[A] Contents of Petition. If a parent or other person [see [b], above (definitions)] who desires to relocate fails to obtain an agreement to the relocation from the other parent and any other person who is entitled to timesharing with, or access to, the child [see [a], [c], above], the parent or other person who wants to relocate must file a petition to relocate with the court and serve it on the other parent and any other person who is entitled to timesharing with, or access to, the child [see Fla. Stat. § 61.13001(3); see also Fla. Fam. L. R. P. Form 12.950(c), 12.950(d); §§ 32.222, 32.223]. The petition must be signed under oath or affirmation, under penalty of perjury, and must contain the following information [see Fla. Stat. § 61.13001(3)(a); see also 2009 Fla. Laws, ch. 2009-180, § 4, amending Fla. Stat. § 61.13001(3)]:

  1. The location of the intended new residence, including the state, city, and specific physical address, if known [see § 61.13001(3)(a)1., Fla. Stat.].
  2. The mailing address of the intended new residence, although this may be omitted if it is the same as the known physical address [see § 61.13001(3)(a)2., Fla. Stat.].
  3. The home telephone number of the intended new residence, if that number is known [see § 61.13001(3)(a)3., Fla. Stat.].
  4. The date of the intended move or proposed relocation [see § 61.13001(3)(a)4., Fla. Stat.].
  5. A detailed statement of the specific reasons for the proposed relocation, and if one of the reasons is a job offer that has been reduced to writing, the written job offer must be attached to the petition [see § 61.13001(3)(a)5., Fla. Stat.].
  6. A proposed timesharing or access schedule and proposed transportation arrangements that are necessary to effectuate the schedule [see § 61.13001(3)(a)6., Fla. Stat.].
  7. Substantially the following statement, in all capital letters and in the same size type, or larger, as the type in the remainder of the petition [see § 61.13001(3)(a)7., Fla. Stat.]: A RESPONSE TO THE PETITION, OBJECTING TO RELOCATION, MUST BE MADE IN WRITING, FILED WITH THE COURT, AND SERVED ON THE PARENT OR OTHER PERSON SEEKING TO RELOCATE WITHIN 20 DAYS AFTER SERVICE OF THIS PETITION TO RELOCATE. IF YOU FAIL TO TIMELY OBJECT TO THE RELOCATION, THE RELOCATION WILL BE ALLOWED, UNLESS IT IS NOT IN THE BEST INTERESTS OF THE CHILD, WITHOUT FURTHER NOTICE AND WITHOUT A HEARING.

A failure to include in the petition the sixth item listed above a proposed timesharing or access schedule and a proposal for transportation to effectuate the schedule–can have significant adverse consequences. Specifically, failure to include that information renders the petition “legally insufficient” unless (1) a valid order abating, terminating, or restricting timesharing or access exists; or (2) other good cause exists that predates the petition [see § 61.13001(3)(a)6., Fla. Stat.].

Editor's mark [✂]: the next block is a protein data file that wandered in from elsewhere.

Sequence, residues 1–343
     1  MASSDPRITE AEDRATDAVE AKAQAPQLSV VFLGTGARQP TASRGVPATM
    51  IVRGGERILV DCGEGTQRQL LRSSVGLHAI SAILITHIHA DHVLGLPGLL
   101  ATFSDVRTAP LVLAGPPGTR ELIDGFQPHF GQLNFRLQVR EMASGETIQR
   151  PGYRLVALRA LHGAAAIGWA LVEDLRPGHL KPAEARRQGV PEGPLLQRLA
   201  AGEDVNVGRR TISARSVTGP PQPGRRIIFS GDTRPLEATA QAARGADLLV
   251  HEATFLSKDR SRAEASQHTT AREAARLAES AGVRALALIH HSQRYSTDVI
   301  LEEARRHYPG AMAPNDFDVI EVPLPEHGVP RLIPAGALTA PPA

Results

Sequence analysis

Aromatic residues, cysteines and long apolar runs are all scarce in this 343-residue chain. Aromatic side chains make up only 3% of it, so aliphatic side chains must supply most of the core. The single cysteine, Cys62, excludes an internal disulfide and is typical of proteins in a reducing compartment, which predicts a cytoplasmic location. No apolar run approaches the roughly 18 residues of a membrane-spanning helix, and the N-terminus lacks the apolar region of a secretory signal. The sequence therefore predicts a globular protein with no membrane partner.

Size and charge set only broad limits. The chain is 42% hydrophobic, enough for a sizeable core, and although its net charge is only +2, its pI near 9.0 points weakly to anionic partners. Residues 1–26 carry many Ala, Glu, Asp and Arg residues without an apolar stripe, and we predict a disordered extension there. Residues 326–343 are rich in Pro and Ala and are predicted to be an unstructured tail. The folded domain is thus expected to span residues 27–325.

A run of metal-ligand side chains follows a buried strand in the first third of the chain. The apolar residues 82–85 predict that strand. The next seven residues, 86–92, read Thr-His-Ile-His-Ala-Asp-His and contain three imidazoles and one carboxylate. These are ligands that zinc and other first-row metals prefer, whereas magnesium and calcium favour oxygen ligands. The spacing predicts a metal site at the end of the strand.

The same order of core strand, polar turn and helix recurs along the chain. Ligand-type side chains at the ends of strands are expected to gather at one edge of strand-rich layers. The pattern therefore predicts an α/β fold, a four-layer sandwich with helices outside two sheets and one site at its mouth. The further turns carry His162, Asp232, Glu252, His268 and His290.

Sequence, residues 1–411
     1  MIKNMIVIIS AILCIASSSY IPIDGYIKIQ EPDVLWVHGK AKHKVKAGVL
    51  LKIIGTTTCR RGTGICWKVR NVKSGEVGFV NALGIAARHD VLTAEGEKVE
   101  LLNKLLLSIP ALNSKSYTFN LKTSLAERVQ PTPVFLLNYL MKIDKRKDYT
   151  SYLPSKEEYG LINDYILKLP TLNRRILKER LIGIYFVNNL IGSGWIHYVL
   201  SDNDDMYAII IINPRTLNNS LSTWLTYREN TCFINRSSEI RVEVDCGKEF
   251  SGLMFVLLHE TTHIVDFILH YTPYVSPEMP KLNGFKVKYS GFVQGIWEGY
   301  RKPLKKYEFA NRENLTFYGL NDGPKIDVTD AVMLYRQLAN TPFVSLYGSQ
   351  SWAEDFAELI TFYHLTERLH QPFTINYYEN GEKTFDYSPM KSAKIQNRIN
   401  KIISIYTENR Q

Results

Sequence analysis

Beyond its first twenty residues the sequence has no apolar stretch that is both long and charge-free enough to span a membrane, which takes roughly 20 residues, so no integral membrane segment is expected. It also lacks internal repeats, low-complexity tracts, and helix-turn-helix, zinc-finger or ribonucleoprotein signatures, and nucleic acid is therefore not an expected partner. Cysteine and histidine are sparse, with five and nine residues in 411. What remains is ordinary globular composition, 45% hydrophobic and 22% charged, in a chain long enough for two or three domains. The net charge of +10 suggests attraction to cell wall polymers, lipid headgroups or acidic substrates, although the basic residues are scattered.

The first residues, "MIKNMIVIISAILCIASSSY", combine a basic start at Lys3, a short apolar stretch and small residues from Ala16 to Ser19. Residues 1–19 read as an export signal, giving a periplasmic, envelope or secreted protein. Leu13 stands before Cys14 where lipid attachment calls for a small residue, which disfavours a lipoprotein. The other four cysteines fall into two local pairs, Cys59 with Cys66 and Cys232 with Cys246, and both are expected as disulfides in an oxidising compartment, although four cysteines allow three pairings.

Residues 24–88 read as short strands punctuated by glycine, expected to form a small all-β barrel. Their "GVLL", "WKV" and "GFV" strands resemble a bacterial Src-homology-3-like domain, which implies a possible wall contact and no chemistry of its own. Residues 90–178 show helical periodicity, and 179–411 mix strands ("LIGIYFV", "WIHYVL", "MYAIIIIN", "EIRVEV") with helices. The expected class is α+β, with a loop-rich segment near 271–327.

If the parent or other person who is seeking to relocate, or the child, is entitled to prevent public disclosure of location information under a public records exemption, the trial court may enter any order necessary to modify the disclosure requirements of the relocation statute, so as to comply with the public records exemption [see Fla. Stat. § 61.13001(4)].

A parent or other person who is seeking to relocate has a continuing duty to update and serve the information provided in the petition when the updated information becomes known to the petitioner [see Fla. Stat. § 61.13001(3)(c)].

The Florida Supreme Court has approved a form for a petition for dissolution of marriage, which includes a request to relocate [Fla. Fam. L. R. P.12.950(c); see § 32.222], as well as supplemental petition for relocation to be used after a final judgment of dissolution or paternity has been entered [Fla. Fam. L. R. P.12.950(d); see § 32.223],

[B] Filing and Service of Petition. A parent or other person who has prepared a petition to relocate [see [A], above] must serve the petition on the other parent and any other person who is entitled to timesharing with, or access to, the child [see Fla. Stat. § 61.13001(3)(b)].

If there is a pending court action regarding the child, service of process may be effected according to court rule. Otherwise, service of process must be performed according to Florida Statutes Chapters 48 and 49, or via certified mail, restricted delivery, return receipt requested [Fla. Stat. § 61.13001(3)(b)].

A parent or other person who serves a petition to relocate has a continuing duty to serve updated information when the updated information becomes known to him or her [Fla. Stat. § 61.13001(3)(c)].

[ii] Objections to Relocation. If a parent or other person who desires to relocate with a child serves a petition to relocate on a parent or other person who is entitled to timesharing with, or access to, the child [see [i], above], and the person who is served desires to object to the relocation, he or she must serve a verified answer objecting to the proposed relocation within 20 days after service of the petition. The written objection must include the specific factual basis supporting the objection, and must include a statement of the amount of participation or involvement the objecting party currently has, or has had, in the life of the child [see Fla. Stat. § 61.13001(3)(a)7(5); see also 2009 Fla. Laws, ch. 2009-180, § 4, amending Fla. Stat. § 61.13001(3)(5)].